Internet Monitor 2014: Reflections on the Digital World
December 16, 2014
The Internet Monitor project's second annual report—Internet Monitor 2014: Reflections on the Digital World—is a collection of roughly three dozen short contributions that highlight and discuss some of the most compelling events and trends in the digitally networked environment over the past year. The report focuses on the interplay between technological platforms and policy; growing tensions between protecting personal privacy and using big data for social good; the implications of digital communications tools for public discourse and collective action; and current debates around the future of Internet governance.
The publication, intended for a general interest audience, brings together reflection and analysis on a broad range of issues and regions—from an examination of Europe’s “right to be forgotten” to a review of the current state of mobile security to an exploration of a new wave of movements attempting to counter hate speech online—and offers it up for debate and discussion. Our goal remains not to provide a definitive assessment of the “state of the Internet” but rather to provide a rich compendium of commentary on the year’s developments with respect to the online space.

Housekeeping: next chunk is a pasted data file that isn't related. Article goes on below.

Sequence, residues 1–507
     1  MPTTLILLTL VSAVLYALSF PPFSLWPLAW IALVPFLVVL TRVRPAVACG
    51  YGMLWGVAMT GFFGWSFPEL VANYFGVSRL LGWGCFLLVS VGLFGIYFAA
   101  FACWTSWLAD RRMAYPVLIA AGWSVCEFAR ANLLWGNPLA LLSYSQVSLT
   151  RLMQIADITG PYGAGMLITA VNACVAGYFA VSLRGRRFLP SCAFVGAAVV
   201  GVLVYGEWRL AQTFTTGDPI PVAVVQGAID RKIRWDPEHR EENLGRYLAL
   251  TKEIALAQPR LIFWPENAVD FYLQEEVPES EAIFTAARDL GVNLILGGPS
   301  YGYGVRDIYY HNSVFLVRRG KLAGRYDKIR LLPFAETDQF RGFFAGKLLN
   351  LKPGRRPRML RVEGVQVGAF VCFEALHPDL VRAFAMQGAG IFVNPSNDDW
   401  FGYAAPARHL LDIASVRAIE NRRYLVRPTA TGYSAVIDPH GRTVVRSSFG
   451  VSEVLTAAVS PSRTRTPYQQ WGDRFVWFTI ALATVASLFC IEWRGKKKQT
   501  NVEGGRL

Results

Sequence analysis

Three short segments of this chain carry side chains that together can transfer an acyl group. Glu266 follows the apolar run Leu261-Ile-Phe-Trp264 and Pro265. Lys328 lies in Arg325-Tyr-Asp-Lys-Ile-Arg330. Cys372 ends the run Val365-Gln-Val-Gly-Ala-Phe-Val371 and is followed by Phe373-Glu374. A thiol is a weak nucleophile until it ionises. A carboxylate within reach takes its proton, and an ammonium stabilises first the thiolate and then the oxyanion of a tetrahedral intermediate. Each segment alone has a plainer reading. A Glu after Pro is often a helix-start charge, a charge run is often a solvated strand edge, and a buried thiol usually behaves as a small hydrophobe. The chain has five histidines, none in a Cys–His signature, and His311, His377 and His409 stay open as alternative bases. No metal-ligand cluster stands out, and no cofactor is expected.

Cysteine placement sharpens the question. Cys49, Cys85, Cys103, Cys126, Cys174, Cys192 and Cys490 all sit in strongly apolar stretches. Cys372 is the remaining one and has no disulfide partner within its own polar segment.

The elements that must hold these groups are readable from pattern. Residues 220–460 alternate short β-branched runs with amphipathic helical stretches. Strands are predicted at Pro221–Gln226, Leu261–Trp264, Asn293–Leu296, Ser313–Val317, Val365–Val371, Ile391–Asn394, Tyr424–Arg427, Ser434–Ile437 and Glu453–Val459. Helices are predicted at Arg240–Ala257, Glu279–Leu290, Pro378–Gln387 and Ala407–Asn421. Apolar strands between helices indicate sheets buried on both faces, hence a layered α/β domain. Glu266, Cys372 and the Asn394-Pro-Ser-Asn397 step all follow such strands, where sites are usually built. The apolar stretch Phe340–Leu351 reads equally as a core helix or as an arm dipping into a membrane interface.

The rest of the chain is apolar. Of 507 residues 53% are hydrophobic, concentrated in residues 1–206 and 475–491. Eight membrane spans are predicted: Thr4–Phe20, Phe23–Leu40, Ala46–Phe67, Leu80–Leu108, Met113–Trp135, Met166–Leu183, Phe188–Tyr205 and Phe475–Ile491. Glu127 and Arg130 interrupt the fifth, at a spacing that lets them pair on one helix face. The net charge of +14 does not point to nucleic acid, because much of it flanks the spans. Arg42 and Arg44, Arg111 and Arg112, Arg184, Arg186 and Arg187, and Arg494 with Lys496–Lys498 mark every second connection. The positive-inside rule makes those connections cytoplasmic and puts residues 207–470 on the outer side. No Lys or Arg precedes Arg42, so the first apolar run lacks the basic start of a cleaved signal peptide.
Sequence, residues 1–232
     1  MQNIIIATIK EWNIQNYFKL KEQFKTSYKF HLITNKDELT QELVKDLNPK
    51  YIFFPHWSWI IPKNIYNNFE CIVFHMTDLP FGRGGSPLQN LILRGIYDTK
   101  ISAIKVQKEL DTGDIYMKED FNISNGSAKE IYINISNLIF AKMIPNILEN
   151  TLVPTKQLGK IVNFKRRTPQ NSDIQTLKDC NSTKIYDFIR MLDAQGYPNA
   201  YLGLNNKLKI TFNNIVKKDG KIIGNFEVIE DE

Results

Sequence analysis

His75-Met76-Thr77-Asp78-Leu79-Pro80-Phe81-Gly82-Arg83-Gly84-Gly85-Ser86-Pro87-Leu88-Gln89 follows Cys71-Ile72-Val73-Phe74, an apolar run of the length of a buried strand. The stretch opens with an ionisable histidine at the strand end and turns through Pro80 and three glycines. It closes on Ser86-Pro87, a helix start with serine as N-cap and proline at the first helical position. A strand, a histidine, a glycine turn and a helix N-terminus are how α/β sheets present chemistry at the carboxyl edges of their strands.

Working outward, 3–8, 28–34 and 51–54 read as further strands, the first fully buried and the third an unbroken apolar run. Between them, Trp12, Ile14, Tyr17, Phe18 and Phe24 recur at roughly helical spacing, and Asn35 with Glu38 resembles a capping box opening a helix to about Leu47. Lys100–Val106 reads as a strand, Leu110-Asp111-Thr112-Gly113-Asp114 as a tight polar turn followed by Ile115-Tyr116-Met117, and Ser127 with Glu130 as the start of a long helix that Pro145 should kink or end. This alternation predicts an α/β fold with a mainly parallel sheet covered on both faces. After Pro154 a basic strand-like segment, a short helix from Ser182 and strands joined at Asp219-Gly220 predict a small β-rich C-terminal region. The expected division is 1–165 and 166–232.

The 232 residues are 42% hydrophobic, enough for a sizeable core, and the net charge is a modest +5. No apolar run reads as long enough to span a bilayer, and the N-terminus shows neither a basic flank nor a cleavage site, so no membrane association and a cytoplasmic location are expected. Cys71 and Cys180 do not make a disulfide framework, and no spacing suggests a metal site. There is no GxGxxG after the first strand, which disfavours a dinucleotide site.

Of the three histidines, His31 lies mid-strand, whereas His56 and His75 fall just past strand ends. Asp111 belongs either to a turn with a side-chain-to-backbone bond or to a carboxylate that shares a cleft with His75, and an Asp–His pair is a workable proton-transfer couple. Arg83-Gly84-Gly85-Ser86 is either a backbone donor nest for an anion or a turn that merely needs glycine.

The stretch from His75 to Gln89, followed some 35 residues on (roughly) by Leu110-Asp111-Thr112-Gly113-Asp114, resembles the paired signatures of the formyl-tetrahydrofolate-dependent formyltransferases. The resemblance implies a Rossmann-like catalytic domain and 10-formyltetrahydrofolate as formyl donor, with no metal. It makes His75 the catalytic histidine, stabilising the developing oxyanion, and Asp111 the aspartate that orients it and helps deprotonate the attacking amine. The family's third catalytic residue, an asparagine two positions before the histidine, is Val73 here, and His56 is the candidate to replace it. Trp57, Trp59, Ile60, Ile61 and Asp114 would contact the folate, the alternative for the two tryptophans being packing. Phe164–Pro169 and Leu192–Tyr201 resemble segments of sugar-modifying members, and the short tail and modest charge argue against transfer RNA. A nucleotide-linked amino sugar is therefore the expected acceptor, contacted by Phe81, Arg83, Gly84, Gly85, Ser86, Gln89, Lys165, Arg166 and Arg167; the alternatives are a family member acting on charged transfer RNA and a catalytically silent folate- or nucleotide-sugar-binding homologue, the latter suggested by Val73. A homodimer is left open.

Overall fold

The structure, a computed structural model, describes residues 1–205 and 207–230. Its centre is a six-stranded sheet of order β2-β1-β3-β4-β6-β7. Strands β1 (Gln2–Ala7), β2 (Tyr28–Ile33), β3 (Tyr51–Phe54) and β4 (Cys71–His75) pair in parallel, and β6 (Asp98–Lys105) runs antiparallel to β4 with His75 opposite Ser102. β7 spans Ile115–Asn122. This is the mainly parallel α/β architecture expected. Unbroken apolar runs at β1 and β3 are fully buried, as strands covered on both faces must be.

The report reflects the diversity of ideas and input the Internet Monitor project seeks to invite. Some of the contributions are descriptive; others prescriptive. Some contain purely factual observations; others offer personal opinion. In addition to those in traditional essay format, contributions this year include a speculative fiction story exploring what our increasingly data-driven world might bring, a selection of “visual thinking” illustrations that accompany a number of essays, a “Year in Review” timeline that highlights many of the year’s most fascinating Internet-related news stories, and a slightly tongue-in-cheek “By the Numbers” section that offers a look at the year’s important digital statistics. We believe that each contribution offers insights, and hope they provoke further reflection, conversation, and debate in both offline and online settings around the globe.
The full report, individual chapters, and interactive timeline are available at the Internet Monitor website.